with me to a depth of six times my height below the surface, and I
swallowed so much water that I was nearly drowned.

When I came up again, I called to the Judge Advocate, and I managed to
get him upon the hatchway cover with myself. In the act of casting-off
from the ship, there came a huge wave, breaking over us in such a manner
that the Judge Advocate was unable to resist it, and the wave bore him
away and drowned him, crying out and calling upon God while drowning.

I could not aid him, as the hatchway cover, being without weight at one
end, began to turn over with me, and at that moment a piece of timber
crushed my legs.

With great exertion, I righted myself upon my supporting timber; and,
supplicating Our Lady of Ontañar, there came four waves, one after the
other, and, without knowing how, or knowing how to swim, they cast me
upon the shore, where I emerged, unable to stand, all covered with
blood, and very much injured.

The enemies and savages, who were on the beach stripping those who had
been able to reach it by swimming, did not touch me nor approach me,
seeing me, as I have said, with my legs and hands and my linen trousers
covered with blood. In this condition I proceeded, little by little, as
I could, meeting many Spaniards stripped to the skin, without any kind
of clothing whatsoever upon them, chattering with the cold, which was
severe, and thus I stopped for the night in a deserted place, and was
forced to lie down upon some rushes on the ground, with the great pain I
suffered in my leg.

Presently a gentleman came up to me, a very nice young fellow, quite
naked, and he was so dazed that he could not speak, not even to tell me
who he was; and at that time, which would be about nine o'clock at
night, the wind was calm and the sea subsiding. I was then wet through
to the skin,[21] dying with pain and hunger, when there came up two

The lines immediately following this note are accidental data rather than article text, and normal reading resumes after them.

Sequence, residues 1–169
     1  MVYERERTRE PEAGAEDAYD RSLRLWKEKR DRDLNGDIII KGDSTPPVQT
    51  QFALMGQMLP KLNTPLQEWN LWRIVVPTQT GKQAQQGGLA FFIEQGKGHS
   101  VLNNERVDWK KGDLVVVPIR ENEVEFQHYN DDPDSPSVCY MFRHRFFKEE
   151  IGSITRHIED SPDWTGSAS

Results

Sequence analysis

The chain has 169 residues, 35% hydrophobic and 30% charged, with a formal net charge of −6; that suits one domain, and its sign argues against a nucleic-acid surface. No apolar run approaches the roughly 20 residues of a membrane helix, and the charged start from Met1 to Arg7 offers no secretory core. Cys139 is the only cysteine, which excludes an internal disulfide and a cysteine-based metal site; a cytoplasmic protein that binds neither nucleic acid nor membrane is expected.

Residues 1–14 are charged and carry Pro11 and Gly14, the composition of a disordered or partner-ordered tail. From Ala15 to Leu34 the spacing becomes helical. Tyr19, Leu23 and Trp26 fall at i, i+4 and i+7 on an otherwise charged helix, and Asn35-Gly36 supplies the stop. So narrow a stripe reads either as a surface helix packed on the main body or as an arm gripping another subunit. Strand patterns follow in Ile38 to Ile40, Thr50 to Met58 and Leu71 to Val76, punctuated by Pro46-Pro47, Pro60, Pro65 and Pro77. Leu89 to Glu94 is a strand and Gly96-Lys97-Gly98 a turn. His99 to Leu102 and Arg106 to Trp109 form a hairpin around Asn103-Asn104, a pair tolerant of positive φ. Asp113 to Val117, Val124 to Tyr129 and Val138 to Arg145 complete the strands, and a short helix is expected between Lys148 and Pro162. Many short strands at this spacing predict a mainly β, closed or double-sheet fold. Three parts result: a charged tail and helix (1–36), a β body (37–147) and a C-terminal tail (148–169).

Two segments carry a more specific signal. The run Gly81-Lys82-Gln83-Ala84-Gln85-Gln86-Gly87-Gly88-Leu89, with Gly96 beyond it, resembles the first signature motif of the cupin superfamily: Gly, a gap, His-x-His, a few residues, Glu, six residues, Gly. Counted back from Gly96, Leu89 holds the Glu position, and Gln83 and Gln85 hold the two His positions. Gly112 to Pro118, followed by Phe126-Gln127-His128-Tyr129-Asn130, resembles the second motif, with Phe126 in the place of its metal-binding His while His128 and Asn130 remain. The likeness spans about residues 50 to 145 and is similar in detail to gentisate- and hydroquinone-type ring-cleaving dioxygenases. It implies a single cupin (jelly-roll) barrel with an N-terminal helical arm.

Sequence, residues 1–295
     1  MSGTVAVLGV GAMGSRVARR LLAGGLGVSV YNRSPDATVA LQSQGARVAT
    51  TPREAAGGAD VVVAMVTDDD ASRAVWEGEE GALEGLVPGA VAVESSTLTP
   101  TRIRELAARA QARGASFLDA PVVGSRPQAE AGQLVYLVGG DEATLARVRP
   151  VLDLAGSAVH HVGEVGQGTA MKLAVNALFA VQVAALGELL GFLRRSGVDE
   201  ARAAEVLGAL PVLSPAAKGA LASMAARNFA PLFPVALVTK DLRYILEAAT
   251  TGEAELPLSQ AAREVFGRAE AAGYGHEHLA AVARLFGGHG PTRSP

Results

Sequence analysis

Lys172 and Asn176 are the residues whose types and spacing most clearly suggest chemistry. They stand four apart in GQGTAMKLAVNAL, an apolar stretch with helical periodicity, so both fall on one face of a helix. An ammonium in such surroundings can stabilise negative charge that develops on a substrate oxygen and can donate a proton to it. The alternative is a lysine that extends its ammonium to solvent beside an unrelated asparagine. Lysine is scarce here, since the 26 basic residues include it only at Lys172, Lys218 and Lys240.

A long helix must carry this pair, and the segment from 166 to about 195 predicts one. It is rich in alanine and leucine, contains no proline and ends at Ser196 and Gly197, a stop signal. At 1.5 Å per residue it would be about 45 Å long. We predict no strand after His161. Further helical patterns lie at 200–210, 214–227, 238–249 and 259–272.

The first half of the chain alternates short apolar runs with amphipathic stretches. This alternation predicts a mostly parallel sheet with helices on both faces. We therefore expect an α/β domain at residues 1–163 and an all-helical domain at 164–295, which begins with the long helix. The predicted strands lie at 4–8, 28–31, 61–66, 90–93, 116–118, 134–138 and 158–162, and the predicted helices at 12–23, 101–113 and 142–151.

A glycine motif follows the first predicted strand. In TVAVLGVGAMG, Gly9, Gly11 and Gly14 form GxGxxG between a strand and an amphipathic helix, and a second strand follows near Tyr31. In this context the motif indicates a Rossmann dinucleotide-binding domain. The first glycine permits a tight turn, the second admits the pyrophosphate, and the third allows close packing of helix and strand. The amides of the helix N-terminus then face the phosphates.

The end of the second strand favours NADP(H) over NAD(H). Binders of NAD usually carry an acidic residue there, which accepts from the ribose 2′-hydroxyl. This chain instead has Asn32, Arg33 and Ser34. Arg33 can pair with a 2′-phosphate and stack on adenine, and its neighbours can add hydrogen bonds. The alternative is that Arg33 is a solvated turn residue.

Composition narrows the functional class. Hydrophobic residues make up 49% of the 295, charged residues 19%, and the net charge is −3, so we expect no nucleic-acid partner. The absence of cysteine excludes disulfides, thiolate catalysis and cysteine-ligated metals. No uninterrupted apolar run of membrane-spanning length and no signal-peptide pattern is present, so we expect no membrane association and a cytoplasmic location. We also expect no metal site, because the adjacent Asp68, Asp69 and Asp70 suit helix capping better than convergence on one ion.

people--one of them armed, and the other with a large iron axe in his
hands--and upon reaching me and the other [man] who was with me, we
remained silent, as if we had not anything amiss [with us]. They were
sorry to see us; and without speaking a word to us, cut a quantity of
rushes and grass, covered us well, and then betook themselves to the
shore to plunder and break open[22] money-chests and whatever they might
find, at which work more than two thousand savages and Englishmen, who
were stationed in garrisons near there, took part.

Managing to rest a little, I began to doze; and when fast asleep, at
about one o'clock in the night, I was disturbed by a great noise of men
on horseback--there were more than two hundred of them--who were going to
plunder and destroy the ships. I turned to call my companion, to see if
he slept, and found he was dead, which occasioned me great affliction
and grief. I got to know afterwards that he was a man of position. There
he lay on the ground with more than six hundred other dead bodies which
the sea cast up, and the crows and wolves[23] devoured them, without
there being any one to bury them: not even poor Don Diego Enriquez.

At the dawn of day I began to walk, little by little, searching for a
monastery of monks, that I might repair[24] to it [or might recover in
it] as best I could, which I arrived at with much trouble and toil. I
found it deserted, and the church and images of the saints burned and
completely ruined, and twelve Spaniards hanging within the church by the
act of the Lutheran English, who went about searching for us to make an
end of all of us who had escaped [from the perils of the sea. All the
monks had fled] to the woods[25] for fear of the enemies, who would have
sacrificed them as well if they had caught them, as they were accustomed
to do, leaving neither place of worship nor hermitage standing; for they
had demolished them all, and made them drinking-places for cows and
swine.

In order that you may occupy yourself somewhat after dinner, by way of